## Is this dataviz?

##### Jun 25, 2024

The message in this Visual Capitalist chart is simple - that big tech firms are spending a lot of cash buying back their own stock (which reduces the number of shares in the market, which pushes up their stock price - all without actually having improved their business results.)

But is this data visualization? How does the visual design reflect the data?

The chart form is a half-pie chart, composed of five sectors, of increasing radii. In a pie chart, the data are encoded in the sector areas. But when the sectors are of different radii, it's possible that the data are found in the angles.

The text along the perimeter, coupled with the bracketing, suggests that the angles convey information - specifically, the amount of shares repurchased as a proportion of outstanding share value (market cap). On inspection, the angles are the same for all five sectors, and each one is 180 degrees divided by five, the number of companies depicted on the chart, so they convey no information, unless the company tally is deemed informative.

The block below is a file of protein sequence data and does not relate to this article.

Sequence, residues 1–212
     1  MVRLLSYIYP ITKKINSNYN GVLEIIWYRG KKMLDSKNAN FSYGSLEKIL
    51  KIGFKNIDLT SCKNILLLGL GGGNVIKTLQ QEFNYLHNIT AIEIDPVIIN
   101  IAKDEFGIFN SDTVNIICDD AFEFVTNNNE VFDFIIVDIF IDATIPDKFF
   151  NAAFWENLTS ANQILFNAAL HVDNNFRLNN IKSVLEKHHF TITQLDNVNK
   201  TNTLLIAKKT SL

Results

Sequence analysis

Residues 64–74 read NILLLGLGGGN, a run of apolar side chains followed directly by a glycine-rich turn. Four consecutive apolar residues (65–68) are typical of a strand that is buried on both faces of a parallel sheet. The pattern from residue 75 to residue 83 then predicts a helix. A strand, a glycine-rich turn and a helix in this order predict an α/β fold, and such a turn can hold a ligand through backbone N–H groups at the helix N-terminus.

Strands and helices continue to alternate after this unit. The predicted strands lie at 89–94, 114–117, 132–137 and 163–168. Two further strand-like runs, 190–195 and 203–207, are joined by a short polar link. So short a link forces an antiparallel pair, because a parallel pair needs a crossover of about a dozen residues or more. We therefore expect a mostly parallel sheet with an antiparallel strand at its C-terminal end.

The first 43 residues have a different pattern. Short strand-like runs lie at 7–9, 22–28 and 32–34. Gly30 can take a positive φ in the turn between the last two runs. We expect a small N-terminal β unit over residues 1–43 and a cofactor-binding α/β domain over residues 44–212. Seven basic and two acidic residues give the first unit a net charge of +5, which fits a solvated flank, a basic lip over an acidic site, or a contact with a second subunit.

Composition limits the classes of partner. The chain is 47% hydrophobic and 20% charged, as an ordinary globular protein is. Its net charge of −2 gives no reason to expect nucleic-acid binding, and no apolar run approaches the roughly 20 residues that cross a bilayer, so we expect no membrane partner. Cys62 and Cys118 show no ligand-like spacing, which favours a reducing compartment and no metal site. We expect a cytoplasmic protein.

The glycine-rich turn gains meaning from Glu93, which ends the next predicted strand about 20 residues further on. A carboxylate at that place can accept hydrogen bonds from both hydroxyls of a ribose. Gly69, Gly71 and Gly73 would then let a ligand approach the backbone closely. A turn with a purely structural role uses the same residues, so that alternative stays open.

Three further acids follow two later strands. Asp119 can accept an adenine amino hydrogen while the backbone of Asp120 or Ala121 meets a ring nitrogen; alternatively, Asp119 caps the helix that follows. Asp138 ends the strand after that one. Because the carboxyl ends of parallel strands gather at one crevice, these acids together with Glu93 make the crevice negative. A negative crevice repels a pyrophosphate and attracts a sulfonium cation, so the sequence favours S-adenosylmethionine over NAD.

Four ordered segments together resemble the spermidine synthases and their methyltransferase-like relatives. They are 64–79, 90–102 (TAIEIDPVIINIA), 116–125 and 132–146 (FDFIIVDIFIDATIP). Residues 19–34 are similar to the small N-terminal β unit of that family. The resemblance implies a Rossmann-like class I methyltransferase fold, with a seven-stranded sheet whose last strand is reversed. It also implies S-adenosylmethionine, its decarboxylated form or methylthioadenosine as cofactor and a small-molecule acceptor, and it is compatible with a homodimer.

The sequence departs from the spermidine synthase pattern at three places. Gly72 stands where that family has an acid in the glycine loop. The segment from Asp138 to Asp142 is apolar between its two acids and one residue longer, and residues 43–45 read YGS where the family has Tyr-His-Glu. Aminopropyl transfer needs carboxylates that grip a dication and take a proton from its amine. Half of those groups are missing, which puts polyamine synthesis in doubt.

Each slice of the pie represents a proportion but these proportions don't add up. So the chart isn't even a half-pie chart. (Speaking of which, should the proportions in a half-pie add up to 100% or 50%?)

What about the sector areas? Since the angles are fixed, the sector areas are directly proportional to the radii. It took me a bit of time to figure this one out. The radius actually encodes the amount spent by each company on the buyback transaction. Take the ratio of Microsoft to Meta: 20 over 25 is 80%. To obtain a ratio of areas of 80%, the ratio of radii is roughly 90%; and the radius of Microsoft's sector is indeed about 90% of that of Meta. The ratio between Alphabet and Apple is similar.

The sector areas represent the dollar value of these share buybacks, although these transactions range from 0.6% to 2.9% as a proportion of outstanding share value.

Here is a more straightforward presentation of the data:

I'm not suggesting using this display. The sector areas in the original chart depict the data in the red bars. It's not clear to me how the story is affected by the inclusion of the market value data (gray bars).